I actually participated in wrestling in high school for awhile during my freshman year. But it just wasn’t for me. I liked the intense work-outs but it when it actually came down to competing on the mat, I never could learn the mechanics. Running is a better fit for me, a solo sport that can be done anywhere and anytime.
I love this story because it truly does illustrate the huge variations you can find within the Amish church. Occasionally I am asked about “mixed marriages”, between Amish and English and my answer is “I’m not aware of any.” It would just be a very difficult dynamic to sustain. Of course I’ve heard of outsiders falling in love with an Amish person and joining the church, or vice-versa. Even that, though, is more common in fiction than reality (although it definitely does occur) But falling in love and each spouse remaining in their respective religions? I haven’t heard of such a case, until now.
The article’s focus is on wrestling, so there are a ton of unanswered questions and I may try to track down this family to talk to them some more. But check out the article here. But how the heck do they handle the religious and cultural differences? Does the wife have a horse and buggy and the man a car? Do they have “selective electricity” in the house…for instance, maybe some electric lights but no television or internet? She dresses plainly and he doesn’t? The article makes it sound as if the boys do at least when they are younger?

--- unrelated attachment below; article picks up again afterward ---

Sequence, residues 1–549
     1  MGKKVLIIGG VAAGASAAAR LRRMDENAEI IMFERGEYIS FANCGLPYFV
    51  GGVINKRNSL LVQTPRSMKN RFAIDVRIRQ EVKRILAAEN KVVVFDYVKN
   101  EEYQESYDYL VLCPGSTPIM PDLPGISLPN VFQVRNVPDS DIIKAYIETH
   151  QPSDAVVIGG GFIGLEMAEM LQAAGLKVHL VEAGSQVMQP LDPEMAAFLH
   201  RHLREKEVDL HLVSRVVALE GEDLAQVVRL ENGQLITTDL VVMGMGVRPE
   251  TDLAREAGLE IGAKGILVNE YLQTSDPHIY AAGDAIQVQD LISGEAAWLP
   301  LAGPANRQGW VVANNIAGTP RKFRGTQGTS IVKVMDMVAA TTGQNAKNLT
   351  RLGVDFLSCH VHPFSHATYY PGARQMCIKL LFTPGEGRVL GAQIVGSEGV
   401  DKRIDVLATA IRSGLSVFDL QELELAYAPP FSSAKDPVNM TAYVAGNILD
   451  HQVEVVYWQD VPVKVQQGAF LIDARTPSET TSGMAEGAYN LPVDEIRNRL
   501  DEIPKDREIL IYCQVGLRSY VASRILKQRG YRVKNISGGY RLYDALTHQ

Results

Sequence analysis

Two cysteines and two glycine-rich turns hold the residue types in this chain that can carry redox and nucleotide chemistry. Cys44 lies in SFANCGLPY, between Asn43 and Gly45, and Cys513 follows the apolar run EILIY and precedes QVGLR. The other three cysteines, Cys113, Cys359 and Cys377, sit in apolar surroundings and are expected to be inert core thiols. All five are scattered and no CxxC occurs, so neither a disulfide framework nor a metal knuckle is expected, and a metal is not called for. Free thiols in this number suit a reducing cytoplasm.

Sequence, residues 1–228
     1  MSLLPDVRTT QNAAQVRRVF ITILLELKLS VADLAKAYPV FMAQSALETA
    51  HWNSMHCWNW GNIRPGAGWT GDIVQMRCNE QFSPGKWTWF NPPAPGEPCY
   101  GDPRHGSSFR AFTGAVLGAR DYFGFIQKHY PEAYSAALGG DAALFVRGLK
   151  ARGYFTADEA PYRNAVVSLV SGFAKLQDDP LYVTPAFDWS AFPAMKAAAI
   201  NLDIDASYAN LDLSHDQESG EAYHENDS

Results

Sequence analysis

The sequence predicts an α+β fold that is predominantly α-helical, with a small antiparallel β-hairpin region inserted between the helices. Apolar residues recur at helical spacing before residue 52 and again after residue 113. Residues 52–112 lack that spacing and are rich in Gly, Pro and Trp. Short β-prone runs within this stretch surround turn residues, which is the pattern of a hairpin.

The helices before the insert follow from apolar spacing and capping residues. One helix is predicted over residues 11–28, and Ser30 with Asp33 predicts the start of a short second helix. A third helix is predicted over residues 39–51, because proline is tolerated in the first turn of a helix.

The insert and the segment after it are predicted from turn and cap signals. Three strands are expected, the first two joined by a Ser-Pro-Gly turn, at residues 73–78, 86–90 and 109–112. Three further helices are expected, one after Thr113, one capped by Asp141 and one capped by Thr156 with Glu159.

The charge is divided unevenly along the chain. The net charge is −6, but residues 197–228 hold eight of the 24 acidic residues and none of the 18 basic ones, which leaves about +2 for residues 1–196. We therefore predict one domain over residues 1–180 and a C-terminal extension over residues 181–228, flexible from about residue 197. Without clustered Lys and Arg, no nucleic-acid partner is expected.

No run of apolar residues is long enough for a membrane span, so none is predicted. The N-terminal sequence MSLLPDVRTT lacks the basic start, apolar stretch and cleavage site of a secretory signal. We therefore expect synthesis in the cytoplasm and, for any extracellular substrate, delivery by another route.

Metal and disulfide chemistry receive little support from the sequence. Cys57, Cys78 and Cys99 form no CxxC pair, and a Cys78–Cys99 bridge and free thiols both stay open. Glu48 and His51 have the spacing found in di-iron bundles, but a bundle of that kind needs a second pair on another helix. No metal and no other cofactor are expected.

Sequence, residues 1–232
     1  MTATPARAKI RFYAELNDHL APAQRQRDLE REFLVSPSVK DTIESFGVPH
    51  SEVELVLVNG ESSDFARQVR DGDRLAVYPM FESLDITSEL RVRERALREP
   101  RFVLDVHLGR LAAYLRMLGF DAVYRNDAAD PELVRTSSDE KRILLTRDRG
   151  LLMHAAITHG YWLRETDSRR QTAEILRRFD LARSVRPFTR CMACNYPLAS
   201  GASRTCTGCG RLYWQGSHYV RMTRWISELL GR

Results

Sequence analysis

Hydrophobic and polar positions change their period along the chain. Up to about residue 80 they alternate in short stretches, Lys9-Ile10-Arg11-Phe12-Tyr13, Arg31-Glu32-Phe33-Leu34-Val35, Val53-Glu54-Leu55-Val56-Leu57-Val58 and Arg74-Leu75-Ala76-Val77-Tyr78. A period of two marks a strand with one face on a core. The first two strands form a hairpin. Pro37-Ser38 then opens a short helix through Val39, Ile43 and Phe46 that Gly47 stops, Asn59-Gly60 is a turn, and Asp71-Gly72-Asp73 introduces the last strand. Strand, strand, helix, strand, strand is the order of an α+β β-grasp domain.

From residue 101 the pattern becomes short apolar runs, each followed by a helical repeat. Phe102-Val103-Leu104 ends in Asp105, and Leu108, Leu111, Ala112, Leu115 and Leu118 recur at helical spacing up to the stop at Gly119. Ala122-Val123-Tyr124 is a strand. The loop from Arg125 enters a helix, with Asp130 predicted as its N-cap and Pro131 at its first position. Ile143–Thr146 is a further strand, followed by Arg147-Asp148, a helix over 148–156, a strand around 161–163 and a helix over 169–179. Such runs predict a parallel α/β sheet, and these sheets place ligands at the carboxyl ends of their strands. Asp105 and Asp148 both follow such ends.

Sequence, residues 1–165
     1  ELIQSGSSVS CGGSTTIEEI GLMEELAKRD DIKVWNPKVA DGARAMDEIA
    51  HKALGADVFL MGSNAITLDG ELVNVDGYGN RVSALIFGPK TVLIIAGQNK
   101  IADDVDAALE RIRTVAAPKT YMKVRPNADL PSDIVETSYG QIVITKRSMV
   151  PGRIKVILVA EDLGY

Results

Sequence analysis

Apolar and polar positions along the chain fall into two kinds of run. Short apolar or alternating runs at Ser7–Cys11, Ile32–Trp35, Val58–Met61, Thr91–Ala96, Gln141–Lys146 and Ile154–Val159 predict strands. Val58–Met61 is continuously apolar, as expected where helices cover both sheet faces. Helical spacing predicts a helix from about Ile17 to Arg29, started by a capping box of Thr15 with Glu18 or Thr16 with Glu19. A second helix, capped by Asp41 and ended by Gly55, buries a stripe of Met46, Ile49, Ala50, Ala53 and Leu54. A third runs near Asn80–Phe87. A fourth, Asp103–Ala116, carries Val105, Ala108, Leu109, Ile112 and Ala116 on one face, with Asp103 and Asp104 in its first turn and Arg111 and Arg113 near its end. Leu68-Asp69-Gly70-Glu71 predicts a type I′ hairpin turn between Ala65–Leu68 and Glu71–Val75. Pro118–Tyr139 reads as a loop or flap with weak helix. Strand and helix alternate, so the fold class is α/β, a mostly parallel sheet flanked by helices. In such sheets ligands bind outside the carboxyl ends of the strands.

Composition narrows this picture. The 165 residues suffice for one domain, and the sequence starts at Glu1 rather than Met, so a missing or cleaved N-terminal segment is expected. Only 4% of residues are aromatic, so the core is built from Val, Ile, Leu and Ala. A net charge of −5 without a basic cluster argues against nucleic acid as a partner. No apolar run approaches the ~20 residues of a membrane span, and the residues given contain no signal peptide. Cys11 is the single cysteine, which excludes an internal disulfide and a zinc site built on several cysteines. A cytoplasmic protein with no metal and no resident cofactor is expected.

My guess is that the woman’s church is a more progressive Amish church so that the gulf they have to bridge is less wide. I can’t imagine a more conservative Amish church accepting this arrangement and I just can’t imagine being married to, say, a Swartzentruber Amish woman…I just don’t think it could work if her church rules were too conservative. What are your thoughts?